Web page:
Traditional leaders in the Eastern Cape have called on the Public Protector, Advocate Busisiwe Mkhwebane, to help them remove a moratorium preventing the placement of new traditional authorities. The moratorium was placed by the provincial Cooperative Governance and Traditional Affairs department nine years ago. Traditional leadership in the province say it has weakened their authority and stalled service delivery.

Traditional authorities have been meeting with some of the chapter nine institutions as part of Human Rights month commemoration. The interaction comes at a time when there’s discontent and a view that traditional leadership is being undermined and they seek urgent intervention.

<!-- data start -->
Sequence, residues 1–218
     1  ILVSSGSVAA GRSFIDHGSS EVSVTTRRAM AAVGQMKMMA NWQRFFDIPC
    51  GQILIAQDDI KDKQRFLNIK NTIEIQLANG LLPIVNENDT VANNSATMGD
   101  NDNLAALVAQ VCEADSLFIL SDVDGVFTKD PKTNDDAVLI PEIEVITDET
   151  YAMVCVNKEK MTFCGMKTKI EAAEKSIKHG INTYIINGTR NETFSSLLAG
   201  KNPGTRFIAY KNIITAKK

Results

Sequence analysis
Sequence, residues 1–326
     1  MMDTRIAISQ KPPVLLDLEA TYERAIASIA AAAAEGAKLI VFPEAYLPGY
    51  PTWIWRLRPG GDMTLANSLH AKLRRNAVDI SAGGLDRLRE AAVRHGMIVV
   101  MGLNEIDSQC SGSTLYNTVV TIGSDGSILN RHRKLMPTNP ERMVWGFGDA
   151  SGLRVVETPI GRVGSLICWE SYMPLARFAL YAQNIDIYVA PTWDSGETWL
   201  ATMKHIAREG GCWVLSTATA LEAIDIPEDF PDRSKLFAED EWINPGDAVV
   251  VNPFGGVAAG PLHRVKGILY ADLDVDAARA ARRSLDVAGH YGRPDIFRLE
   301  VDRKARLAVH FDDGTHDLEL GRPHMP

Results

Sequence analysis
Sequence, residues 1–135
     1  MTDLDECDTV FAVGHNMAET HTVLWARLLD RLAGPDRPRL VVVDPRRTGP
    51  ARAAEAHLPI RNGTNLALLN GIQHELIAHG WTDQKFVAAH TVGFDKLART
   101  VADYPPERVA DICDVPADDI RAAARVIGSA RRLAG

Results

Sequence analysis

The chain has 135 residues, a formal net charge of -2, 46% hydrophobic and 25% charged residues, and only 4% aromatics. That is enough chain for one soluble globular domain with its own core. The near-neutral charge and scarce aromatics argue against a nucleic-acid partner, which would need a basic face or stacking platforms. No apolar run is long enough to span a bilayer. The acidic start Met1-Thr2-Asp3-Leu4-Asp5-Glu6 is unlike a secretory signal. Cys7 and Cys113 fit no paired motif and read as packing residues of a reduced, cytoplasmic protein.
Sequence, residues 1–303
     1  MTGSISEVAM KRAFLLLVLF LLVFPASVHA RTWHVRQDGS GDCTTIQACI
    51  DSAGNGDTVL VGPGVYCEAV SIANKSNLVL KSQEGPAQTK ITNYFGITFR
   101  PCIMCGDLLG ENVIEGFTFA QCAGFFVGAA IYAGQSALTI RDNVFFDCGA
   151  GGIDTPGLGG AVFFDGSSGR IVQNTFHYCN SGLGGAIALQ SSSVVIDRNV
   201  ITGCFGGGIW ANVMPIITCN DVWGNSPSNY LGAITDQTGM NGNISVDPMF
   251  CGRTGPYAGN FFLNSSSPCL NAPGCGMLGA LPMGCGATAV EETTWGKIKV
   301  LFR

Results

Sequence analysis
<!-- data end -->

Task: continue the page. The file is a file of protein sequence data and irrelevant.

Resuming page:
Chief Landubuzwe Ngwekazi, Traditional Leader, says that they have been engaging the department for nine years to no avail. He says because of this moratorium, there’s a dire shortage of traditional leaders in the province as they are not replaced when they die.

Mkhwebane says they’ve advised the traditional authorities to lodge a formal complaint. She says they will follow proper procedure, write to the national department and launch a full investigation if warranted. The Public Protector is also investigating relations between municipalities and traditional authorities in the country, with a focus on the issue of land.